X

(0)

˜ (T −1 (x), t) ϕi (x)Γ i,c i

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where the sum is over i for which ϕi (x) 6= 0. The regularity statements in the second item in (ciii) for Γc are now easily checked, although we note that important use is made of the final item in Definition 1.7(c). The corresponding statements for fc are proved in a similar way; we note again, however, that for each space Ls (Bi ) occurring in the hypotheses (5.14), the index s is greater than or equal to two, so that Ls (Bi ∩ Ti−1 (B)) ⊆ L2 (Bi ∩ Ti−1 (B)) for every ball B ⊂ Rn . The final item in Theorem 5.5(ciii ) follows from the final item (av ), just as in the proof of the first item in (ci ), because every function appearing in (5.37) is H¨older continuous. This completes the proof of (c) and of Theorem 5.5. 

§5.3

Incompatible Data and Initial Layer Regularization

In this section we consider higher order regularity of solutions of the problem (5.1)–(5.3) when the regularity conditions on the coefficients of A in Theorem 5.5 are satisfied but the compatibility conditions (5.23) are not. Specifically, given initial data ς0 ∈ [L2 (Ω)]N and given inhomogeneous terms g, G and Γ satisfying the hypotheses of the basic existence result Theorem 3.6 on [0, T ) but the higher order regularity conditions of Theorem 5.5 only away from t = 0, the corresponding solution u of Theorem 3.6 attains the higher order regularity described in Theorem 5.5 instantaneously for t > 0 with certain specific rates. The precise results are given in the following theorem, which is a special case of Theorem 2.10: Theorem 5.8. Assume that the hypotheses and notations in Definition 5.1 are in force, let T ∈ (0, ∞] and let N × N matrix-valued [0, T )–equivalence classes aη,ω , bη , cω , d and (if Ω 6= Rn ) f be given satisfying the positive definiteness condition (5.5) and the regularity conditions in one of (5.8), (5.10) or (5.11)–(5.14). Let ς0 ∈ [L2 (Ω)]N and let g, G and Γ be given satisfying the following (references to Γ and integrals over ∂Ω are omitted if Ω = Rn and we again abbreviate [H k (Ω)]N by H k , etc.): • The conditions in Theorem 3.6(e) are satisfied. • There is a δ ∈ {0} ∪ ( 12 , ∞) such that for j = 0, . . . , m − 1 and k = j + 1, . . . , m and on every set Ω × [0, t¯] ⊂ Ω × [0, T ) tk+δ Dtj Dxα gm ∈ L∞,2 , 0 ≤ 2j + |α| ≤ 2k − 2, (5.38)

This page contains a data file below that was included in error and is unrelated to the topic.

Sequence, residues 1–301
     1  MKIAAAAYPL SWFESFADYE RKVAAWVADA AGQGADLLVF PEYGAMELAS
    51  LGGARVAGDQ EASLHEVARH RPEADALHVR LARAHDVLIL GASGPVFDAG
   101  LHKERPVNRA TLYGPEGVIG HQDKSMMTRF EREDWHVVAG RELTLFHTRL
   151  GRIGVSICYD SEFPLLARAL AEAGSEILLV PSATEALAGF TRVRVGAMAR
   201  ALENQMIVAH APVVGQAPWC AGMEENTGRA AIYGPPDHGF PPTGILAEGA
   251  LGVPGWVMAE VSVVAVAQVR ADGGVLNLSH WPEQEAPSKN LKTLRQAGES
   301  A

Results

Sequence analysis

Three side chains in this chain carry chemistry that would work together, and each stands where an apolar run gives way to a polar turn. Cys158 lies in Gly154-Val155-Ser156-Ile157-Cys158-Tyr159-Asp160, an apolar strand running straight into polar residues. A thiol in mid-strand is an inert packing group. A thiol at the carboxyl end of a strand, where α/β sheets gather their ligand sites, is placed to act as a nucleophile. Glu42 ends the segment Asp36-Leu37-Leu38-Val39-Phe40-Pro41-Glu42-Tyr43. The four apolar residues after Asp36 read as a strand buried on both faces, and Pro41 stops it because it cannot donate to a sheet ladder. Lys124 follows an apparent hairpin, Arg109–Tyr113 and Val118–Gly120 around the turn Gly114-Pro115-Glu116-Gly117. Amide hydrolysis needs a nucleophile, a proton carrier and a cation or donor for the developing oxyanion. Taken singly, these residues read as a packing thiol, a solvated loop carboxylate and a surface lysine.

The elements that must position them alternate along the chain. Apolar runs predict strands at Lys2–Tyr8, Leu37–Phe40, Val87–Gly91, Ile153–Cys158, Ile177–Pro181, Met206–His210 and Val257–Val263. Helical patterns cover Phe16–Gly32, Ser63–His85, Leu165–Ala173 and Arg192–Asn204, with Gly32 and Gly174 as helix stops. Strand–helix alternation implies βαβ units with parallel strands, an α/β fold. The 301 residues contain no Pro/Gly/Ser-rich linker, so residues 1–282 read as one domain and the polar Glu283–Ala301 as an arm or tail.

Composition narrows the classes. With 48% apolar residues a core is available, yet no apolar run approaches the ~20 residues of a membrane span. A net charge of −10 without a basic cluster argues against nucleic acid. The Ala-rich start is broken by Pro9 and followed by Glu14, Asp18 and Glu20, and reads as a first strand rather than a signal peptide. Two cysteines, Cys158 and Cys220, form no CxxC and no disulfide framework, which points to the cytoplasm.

tk+δ Dtj Dxα Gm ∈ L∞,2 , 0 ≤ 2j + |α| ≤ 2k − 1, X (α,j) tk+δ hΓiL2 , ∂Ω ∈ L∞ loc ([0, T )). |α|≤2k−2j−1

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5. INCOMPATIBLE DATA AND INITIAL LAYER REGULARIZATION

123

• For j = 0, . . . , m and k = j, . . . , m and on every set Ω × [0, t¯], tk+δ Dtj Dxα gm ∈ L2,2 , 0 ≤ |α| ≤ max{2k − 2j − 1), 0} tk+δ Dtj Dxα Gm ∈ L2,2 , 0 ≤ 2j + |α| ≤ 2k, X (α,j) tk+δ hΓiL2 , ∂Ω ∈ L2loc ([0, T )).

(5.39)

|α|≤2k−2j

• For j = 0, . . . , m − 1 there is an element γj+1 ∈ L2 (Ω) such that for all v ∈ H1 , Z tZ h  −1 lim t sj+1+δ Dtj gm + S 1 (Γ)m · v + t→0 0 Ω i  (5.40) + Dtj Gm + S 2 (Γ)m : ∇x v dx ds Z = γj+1 · v dx Ω

S1

S2

where and are the operators defined in Theorem A.26 and j Dt denotes a weak derivative on Ω × (0, T ) (see Exercise 5.5 for an alternative formulation of this hypothesis). Then the solution u of (5.1)–(5.3) described in Theorem 3.6 satisfies the following: (a)(Bochner-Sobolev space description) The mappings F (j) defined in (5.22) satisfy the hypotheses of Theorem 2.10(a)–(c); the statements in Theorem 5.5(a) concerning u(j) therefore hold but with [0, T ) replaced by (0, T ) in every instance and with the following modifications and additions: • The bound in Theorem 5.5(aii ) is replaced by m X k  X k=0 j=0

sup t2(k+δ) |u(j) (t)|2[H 2k−2j (Ω)]N

0 0, {u(0) (τ ), . . . , u(m) (τ )} satisfies the compatibility condition (5.23) required for the application of Theorem 5.5 to the initial value problem for (5.1)-(5.3) posed at initial time τ . The conclusions of Theorem 5.5 therefore hold with [0, T ) replaced by [τ, T ) in each case. 

Exercises (See also exercises 2.11 and 2.12.) 5.1 Rewrite the statements of Lemmas 5.3 and 5.4 and Theorem 5.5 for the case N = 1, n = 2 or 3 and m = 1. 5.2 Assume that A(j) and F (j) are as in Lemmas 5.3 and 5.4 with Ω = Rn and let m ≥ 1. Check that if ς0 ∈ H 2m (Rn ) then there exist ςj ∈ H 2m−2j (Rn ), j = 1, . . . , m, satisfying the compatibility conditions (5.23). 5.3 In this problem we formulate the compatibility conditions (5.23) in Theorem 5.5 solely in terms of ς0 for two additional cases. Assume that the other hypotheses and notations in Theorem 5.5 hold, that the coefficients of A are independent of t and that ς0 ∈ H2m is given. Let L (0) and L∂Ω be the operators L(0) and L∂Ω defined in (5.29) and (5.31) and let h(j) = g (j) (0) − Div G(j) (0). Prove that there exist ςj ∈ H2m−2j for which the compatibility conditions (5.23) hold in each of following two cases:

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5. PARABOLIC SYSTEMS: HIGHER ORDER REGULARITY

(a) H1 = [H01 (Ω)]N , and either m = 1 or m ≥ 2 and Lj [ς0 ] +

j−1 X

Lj−1−i [h(i) ] ∈ [H01 (Ω)]N , j = 1, . . . , m − 1.

i=0

(b) H1 = [H 1 (Ω)]N and L∂Ω Lj [ς0 ] +

j−1 X

 Lj−1−i [h(i) ] = G(j) (0) + Γ(j) (0) on ∂Ω

i=0